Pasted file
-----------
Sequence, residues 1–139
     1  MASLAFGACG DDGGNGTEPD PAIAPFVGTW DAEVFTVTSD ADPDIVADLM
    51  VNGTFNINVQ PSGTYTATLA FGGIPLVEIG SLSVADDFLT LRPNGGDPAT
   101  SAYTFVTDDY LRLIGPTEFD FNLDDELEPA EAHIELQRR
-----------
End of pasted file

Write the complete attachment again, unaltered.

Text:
Sequence, residues 1–139
     1  MASLAFGACG DDGGNGTEPD PAIAPFVGTW DAEVFTVTSD ADPDIVADLM
    51  VNGTFNINVQ PSGTYTATLA FGGIPLVEIG SLSVADDFLT LRPNGGDPAT
   101  SAYTFVTDDY LRLIGPTEFD FNLDDELEPA EAHIELQRR